Military, army25
Political representatives21
University21
Migration service (state service15
Border guards13
Media and journalists13
School10

Main types of violations (by countries where REAct operates and for all years)

Hate speech, verbal abuse913
Threatening, intimidation, harassment867
Violence by individuals based on hatred571
Extortion, blackmail260
Public outing, defamation208
Eviction, coercion to leave the residence188
Arbitrary arrest or detention167
Misuse of power by law enforcement165
Other breach of privacy151
Sexual assault/abuse148
Domestic/intimate partner violence130
Excessive use of force by law enforcement118
Destruction of property, motivated by hatred108
Dismissal, denial of employment99
Denial of protection and investigation by the police81
Refusal to provide hospital care and other medical service74
Psychological mistreatment in public health facility68

Thus, in modern Tajikistan, representatives of the LGBTIQ community face serious violations of their rights. Detentions under Article 241 of the Criminal Code (distribution of pornography) have become more frequent in the country. The grounds for such charges are personal intimate photos found on the phones of the accused or intimate correspondence. Renata’s story is an important example of the continuing struggle for rights and freedom and emphasizes the need to support and protect those who face discrimination and persecution because of their gender and sexual identity.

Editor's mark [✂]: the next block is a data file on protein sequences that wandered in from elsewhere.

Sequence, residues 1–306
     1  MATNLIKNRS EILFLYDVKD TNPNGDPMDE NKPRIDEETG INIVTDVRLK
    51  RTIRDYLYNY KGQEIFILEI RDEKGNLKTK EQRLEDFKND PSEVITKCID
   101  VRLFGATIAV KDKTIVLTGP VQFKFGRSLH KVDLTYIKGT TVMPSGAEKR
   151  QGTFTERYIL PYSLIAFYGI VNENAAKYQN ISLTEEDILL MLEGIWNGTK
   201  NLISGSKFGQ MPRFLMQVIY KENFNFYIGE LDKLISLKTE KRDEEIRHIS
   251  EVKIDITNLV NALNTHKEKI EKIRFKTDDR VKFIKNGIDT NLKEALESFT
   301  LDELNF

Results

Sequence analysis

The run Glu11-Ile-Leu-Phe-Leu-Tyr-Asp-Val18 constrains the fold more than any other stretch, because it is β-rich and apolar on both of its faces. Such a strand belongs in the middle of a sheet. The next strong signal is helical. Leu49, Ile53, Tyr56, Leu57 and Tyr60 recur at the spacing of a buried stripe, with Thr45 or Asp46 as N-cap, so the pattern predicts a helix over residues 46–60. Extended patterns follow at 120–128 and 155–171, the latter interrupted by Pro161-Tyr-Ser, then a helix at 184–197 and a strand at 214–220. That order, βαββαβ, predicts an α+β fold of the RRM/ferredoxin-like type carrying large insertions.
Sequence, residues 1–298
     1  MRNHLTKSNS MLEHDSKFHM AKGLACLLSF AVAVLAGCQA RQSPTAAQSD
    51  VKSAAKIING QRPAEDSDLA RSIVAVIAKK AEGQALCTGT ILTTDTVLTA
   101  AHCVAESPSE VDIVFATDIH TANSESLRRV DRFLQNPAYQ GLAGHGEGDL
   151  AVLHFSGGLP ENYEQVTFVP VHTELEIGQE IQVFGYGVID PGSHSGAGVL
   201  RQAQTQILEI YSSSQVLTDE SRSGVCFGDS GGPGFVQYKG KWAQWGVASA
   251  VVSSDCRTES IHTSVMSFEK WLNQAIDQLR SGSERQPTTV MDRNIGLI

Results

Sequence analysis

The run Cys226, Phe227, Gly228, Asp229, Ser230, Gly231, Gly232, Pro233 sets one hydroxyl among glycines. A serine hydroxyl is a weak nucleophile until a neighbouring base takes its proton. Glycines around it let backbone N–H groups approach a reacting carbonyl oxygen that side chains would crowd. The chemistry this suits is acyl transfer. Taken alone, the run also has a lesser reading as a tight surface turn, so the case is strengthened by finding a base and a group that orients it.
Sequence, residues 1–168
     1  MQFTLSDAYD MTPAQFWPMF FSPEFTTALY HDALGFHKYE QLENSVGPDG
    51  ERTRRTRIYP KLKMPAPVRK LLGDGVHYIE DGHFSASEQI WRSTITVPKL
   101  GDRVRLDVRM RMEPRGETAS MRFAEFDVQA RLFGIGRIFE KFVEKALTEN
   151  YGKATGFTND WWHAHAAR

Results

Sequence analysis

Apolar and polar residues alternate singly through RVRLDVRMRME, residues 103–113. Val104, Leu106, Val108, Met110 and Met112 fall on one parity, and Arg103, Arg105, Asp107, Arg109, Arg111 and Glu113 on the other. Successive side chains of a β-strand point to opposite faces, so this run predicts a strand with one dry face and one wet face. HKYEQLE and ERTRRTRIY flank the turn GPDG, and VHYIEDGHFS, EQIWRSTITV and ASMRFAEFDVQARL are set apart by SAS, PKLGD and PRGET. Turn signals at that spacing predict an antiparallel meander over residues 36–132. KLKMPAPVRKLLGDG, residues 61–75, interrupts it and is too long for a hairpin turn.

Kazakhstan recorded an incident involving Danara, a 25-year-old queer woman and LGBTIQ activist. Her story was a powerful example of the struggle to ensure equal rights and non-discrimination in the workplace, regardless of their sexual orientation.